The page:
National Aphasia Awareness Month 2017: Aphasia Treatment Resources for Physicians & Clinicians
June is National Aphasia Awareness Month, and with good reason: Aphasia awareness has never been more important than it is today. According to the American Speech-Language-Hearing Association (ASHA), it's estimated that, in the United States alone, there are approximately 180,000 new cases of aphasia every year, with approximately 1 million people (or one in every 250 Americans) living with this debilitating mental health condition.
A neurogenic disorder that results from injury to the brain — and, more specifically, from when a stroke affects the brain's left hemisphere — aphasia can impair a person's spoken language expression and comprehension, written expression, and reading comprehension.
"Although some patients recover from aphasia after a stroke within a matter of hours or days, others need extensive stroke rehab services," according to the University of Texas Southwestern Medical Center. "Some patients, such as those who have suffered a transient ischemic attack (TIA), may recover from aphasia without treatment." Most patients, however, will need to undergo therapy for aphasia "as soon as possible."
UT Southwestern goes on to outline the three types of aphasia:
- Broca’s (a.k.a., nonfluent or expressive aphasia) aphasia is defined as difficulty "speaking fluently but comprehension is intact"
- Wernicke’s (a.k.a. receptive or fluent aphasia) aphasia involves "impaired ability to grasp the meaning of spoken words"
- Global aphasia — the "most severe form" — is "characterized by a decreased ability to produce recognizable words and understand language"
ASHA cautions that a patient's symptoms "may not fit neatly into a single aphasia type, and classification may change over time as communication improves with recovery. In addition, symptoms can co-occur with other speech and language impairments such as dysarthria and apraxia of speech, which can complicate classification."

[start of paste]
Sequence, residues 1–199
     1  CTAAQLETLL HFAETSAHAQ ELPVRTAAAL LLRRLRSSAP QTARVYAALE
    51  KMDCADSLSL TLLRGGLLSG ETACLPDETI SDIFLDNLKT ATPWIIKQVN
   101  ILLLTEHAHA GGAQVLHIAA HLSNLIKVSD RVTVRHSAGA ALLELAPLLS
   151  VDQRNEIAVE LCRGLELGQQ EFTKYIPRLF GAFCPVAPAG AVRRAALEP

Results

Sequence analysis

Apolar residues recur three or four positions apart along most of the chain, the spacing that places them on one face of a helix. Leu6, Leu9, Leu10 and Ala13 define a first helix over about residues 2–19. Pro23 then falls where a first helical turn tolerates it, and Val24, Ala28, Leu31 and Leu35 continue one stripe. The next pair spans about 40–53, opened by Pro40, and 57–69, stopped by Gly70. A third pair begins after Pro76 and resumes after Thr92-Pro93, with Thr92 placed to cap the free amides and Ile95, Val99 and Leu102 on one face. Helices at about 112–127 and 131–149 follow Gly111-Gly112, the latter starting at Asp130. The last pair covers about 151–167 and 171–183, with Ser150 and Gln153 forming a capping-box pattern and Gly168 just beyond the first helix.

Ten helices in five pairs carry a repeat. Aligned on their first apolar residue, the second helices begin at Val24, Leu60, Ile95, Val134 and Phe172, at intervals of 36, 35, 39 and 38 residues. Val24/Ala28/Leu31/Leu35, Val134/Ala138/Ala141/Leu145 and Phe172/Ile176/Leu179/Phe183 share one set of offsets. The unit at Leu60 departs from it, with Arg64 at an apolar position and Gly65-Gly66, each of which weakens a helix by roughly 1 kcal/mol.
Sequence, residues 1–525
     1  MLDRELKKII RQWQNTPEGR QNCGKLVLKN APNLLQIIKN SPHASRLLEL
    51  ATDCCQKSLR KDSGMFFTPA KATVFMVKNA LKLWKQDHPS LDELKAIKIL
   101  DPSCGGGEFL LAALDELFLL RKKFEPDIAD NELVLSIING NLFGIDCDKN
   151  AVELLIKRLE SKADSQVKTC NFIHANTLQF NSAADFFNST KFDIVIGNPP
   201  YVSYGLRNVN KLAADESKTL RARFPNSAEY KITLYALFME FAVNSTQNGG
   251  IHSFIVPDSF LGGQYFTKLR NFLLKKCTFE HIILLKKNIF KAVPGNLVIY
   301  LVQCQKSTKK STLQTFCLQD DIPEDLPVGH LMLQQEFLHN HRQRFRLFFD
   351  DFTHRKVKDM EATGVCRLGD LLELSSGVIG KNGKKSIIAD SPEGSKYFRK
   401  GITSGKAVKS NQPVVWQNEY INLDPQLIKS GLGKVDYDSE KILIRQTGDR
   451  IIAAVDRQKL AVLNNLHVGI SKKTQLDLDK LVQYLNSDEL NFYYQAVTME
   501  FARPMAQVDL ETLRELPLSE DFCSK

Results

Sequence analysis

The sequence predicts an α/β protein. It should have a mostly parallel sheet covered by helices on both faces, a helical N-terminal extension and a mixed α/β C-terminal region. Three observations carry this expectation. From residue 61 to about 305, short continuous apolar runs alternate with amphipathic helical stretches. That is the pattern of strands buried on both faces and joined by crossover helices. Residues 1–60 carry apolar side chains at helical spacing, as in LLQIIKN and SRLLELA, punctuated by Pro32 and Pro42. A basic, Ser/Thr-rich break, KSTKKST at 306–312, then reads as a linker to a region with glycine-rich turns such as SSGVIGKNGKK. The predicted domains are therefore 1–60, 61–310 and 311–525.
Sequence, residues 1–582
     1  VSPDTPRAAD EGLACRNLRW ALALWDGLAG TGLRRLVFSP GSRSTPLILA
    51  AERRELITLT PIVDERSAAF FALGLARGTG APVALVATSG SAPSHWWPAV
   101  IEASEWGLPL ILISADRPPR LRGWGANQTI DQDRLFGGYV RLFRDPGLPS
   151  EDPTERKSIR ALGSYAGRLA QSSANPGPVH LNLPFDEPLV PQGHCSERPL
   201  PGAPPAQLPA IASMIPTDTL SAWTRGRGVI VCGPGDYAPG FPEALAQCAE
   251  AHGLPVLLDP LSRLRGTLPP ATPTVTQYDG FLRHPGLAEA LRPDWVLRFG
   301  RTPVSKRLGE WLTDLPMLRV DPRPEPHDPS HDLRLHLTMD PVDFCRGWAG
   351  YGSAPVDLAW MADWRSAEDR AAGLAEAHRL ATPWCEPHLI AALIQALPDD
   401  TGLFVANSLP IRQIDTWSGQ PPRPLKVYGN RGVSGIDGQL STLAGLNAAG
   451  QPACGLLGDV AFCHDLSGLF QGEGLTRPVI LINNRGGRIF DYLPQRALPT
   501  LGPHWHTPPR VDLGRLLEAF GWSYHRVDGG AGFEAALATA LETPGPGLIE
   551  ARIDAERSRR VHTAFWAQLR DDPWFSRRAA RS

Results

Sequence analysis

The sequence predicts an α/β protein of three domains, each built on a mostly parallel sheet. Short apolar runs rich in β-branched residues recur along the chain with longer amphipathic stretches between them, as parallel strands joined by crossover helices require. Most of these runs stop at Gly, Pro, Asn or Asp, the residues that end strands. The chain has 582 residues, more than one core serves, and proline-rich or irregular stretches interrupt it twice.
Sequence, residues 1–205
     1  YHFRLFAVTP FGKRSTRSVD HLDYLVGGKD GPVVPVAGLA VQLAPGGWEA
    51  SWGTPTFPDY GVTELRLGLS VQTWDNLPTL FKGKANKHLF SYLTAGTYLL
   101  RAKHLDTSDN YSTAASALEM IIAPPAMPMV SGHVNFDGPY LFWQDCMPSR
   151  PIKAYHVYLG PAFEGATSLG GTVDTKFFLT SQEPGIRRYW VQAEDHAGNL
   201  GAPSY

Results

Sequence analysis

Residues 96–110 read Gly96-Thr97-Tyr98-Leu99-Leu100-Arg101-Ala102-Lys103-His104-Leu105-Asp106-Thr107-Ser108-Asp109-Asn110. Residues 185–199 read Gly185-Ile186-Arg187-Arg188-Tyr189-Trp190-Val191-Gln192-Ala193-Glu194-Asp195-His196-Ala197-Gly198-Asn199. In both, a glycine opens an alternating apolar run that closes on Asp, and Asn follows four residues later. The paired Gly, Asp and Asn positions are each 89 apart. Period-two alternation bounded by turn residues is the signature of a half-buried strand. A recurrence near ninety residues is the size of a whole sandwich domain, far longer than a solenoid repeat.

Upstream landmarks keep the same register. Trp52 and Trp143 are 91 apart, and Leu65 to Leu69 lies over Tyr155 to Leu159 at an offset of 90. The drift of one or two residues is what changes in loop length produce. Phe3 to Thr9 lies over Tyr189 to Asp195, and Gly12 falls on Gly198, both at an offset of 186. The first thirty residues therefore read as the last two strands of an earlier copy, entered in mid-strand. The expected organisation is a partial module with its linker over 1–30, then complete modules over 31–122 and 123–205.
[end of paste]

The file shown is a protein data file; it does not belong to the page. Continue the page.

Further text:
As both a neurologic and speech/language impairment, as well as the result of a stroke, diagnosis, and treatment of aphasia, involves a range of healthcare professionals, including neurologists, psychiatrists, emergency room physicians, and speech-language pathologists.
As it may also fall on the shoulders of primary care, family practice, and other physicians and specialists to recognize and even help treat aphasia, we're marking Aphasia Awareness Month with a rundown of aphasia information and treatment resources to help shed light on this prevalent neurological condition.
Aphasia Treatment Resources For Physicians & Clinicians
Aphasia Diagnosis & Treatment Options. UT Southwestern's aphasia overview includes a brief rundown of diagnosis and approved treatments, including cognitive-linguistic therapy, stimulation-facilitation therapy, group therapy, pharmacotherapy, and others. Check it out here.
Overview of Aphasia Signs, Symptoms, Causes, Assessment & More. ASHA's clinical overview of aphasia is comprehensive, spanning basic signs and symptoms to more advanced assessment and treatment options. View it here.
Aphasia Support for Patients, Caregivers, and Healthcare Professionals. The website of the National Aphasia Association is a great resource for everyone involved in aphasia, from patients to caregiving loved ones, to clinicians. You can find it here.
A Patient's Guide to Preparing for Aphasia Diagnosis & Treatment. This guide from the Mayo Clinic is helpful for patients preparing to see a doctor or clinician about their aphasia, and a great resource to pass along to patients nervous or uncertain about their treatment path. View it here.
Overview of Current Aphasia Research. Among a wealth of other information, this overview of aphasia from the National Institute on Deafness and Other Communication Disorders (NIDCD) offers an informative rundown of current research on drug therapy, advanced imaging diagnosis, noninvasive brain stimulation, and more. Check it out here.
Aphasia Software Finder. The highly convenient Aphasia Software Finder aims to "help aphasia professionals have a detailed overview of what software and apps are available to help people with aphasia." You can find it here.
Aphasia Community & Support. The Aphasia Community is an "online support service designed to promote connections amongst those involved in the management of groups for people living with aphasia," particularly for healthcare professionals. Visit the Aphasia Community here.
Aphasia Patient Information Handouts. This collection of dozens of printable handouts is designed for clinicians to pass along to patients with the goal of better informing them about aphasia and what to expect from the treatment process. It includes easy-to-follow overviews of dizziness and balance, hearing loss, the role of technology in treatment, and lots more. You can find it here.